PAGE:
Don't take this comparison too far, but upon reading this, I thought of the old Johnny Cash song, "A Boy Named Sue," in that perhaps Bronwyn is tougher because of you, and since your sense of humor would have continued when she was beyond her early literalism, maybe she even learned to appreciate laughter more because of you.

    Will you share this post with her?

    ...One more thing. I appreciate your comment to my last post. The man who objected to the post was either the first or second person I met online after starting my blog in 2008. I considered him my friend and found him consistently kindly and reasonable for all the years I knew him, that is until Trump came along, after which he became increasingly rigid, angry and hateful. Trump and Fox News have served to harden and alienate people--on both sides--against one another, but I hope I have not descended so completely into the darkness as have many. Again, thank you.

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    1. I've envied others their fathers but no one ever envied me as a father before. Don't worry the really stupid things I've done will never get posted on this blog.
      The four kids are doing awesome well. Quite smart and with my very dark twisted sense of humour by and large. The oldest bills herself as the queen of sarcasm and the youngest as the empress of the universe of sarcasm. They love to pick on their dad and I love to feed them straight lines to do so.
      Many friendships and worse yet families have been split but Trumpism in Canada as well as USA. I do not know where it will end.

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    2. Snowbrush, my daughter said I may have had fun at her expense but she has more than made up for it making fun of me ever since.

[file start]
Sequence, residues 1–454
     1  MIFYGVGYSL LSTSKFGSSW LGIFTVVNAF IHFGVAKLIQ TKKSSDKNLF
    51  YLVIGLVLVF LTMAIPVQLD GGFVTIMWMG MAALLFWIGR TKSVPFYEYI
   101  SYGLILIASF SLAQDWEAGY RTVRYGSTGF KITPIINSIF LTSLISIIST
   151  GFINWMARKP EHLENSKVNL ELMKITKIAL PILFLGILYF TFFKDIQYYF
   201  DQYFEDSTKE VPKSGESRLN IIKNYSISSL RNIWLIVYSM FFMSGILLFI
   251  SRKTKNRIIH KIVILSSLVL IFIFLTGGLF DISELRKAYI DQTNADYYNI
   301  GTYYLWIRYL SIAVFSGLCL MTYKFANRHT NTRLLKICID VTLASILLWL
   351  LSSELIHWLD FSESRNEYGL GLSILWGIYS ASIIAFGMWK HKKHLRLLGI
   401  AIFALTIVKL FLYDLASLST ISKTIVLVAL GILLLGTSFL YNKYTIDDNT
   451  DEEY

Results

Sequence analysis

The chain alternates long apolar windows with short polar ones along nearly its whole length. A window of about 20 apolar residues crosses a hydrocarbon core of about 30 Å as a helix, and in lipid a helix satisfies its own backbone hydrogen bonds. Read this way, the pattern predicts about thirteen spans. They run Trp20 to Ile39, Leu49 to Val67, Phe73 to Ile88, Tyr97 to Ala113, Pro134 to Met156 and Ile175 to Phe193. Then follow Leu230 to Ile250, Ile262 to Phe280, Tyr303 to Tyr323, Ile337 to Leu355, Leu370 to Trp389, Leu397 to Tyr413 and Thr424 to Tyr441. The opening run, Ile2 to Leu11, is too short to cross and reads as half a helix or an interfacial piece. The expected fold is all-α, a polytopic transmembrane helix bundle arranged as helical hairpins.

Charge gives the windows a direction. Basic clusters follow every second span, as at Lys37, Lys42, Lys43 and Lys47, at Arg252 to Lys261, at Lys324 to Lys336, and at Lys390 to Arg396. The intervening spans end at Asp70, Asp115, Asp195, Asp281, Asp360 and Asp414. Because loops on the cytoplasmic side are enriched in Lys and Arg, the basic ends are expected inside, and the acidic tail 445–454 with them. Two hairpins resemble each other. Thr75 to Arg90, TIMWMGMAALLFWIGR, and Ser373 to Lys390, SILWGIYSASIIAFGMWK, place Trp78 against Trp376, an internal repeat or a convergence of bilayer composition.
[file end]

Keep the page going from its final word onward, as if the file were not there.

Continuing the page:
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  4. That's a great short story Al. I think you should submit it to a parenting magazine.

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    1. Great idea but do they still exist? Aren't they all replaced by mommy blogs?

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  5. If those were your worst mistakes with your kids, they're lucky indeed. It seems to me that having children is a perfect way to guarantee that you'll never sleep soundly again. Whether it's crying babies or vomiting school-kids or teenagers staying out too late or adult kids going through the usual life-crap; a parent always has something to worry about. Hooray for you and your wife - shepherding kids into caring adulthood is the best achievement in the world!

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    1. Diane, they were not in the least the worst mistakes I made, just the funnier ones. You are right, parenting is no easy task. No kid ever came with instructions. Parents just blunder onwards and hope for the best. I'm pretty pleased with how ours turned out. Each a Social Justice Warrior in their own way. And amusing themselves at the expense of their father.

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  6. I made quite a few mistakes raising my two boys, can't be helped, everyone makes mistakes, but they both seem to have turned out ok. They're not axe murderers or politicians yet so I must have been doing something right.

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  7. I am still making mistakes into raising a 2nd Generation of Kiddos. The G-Kid Force I've Raised just want me to live long enough for the Youngest to be grown... I'm trying desperately to do that during a deadly Pandemic. Her older Brother, whose Grown now and lives in another State, calls every week to make sure I'm still Alive... it would be comical if he weren't dead Serious about it.

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    1. You are a brave and dedicated woman, Dawn. You will see her raised, I have no doubt.
      When I moved to Ukraine 14 years ago, my kids were on their own already and glad to have me out of their hair. I check in with them on WhatsApp at least once a day so they don't forget me. And they check in with me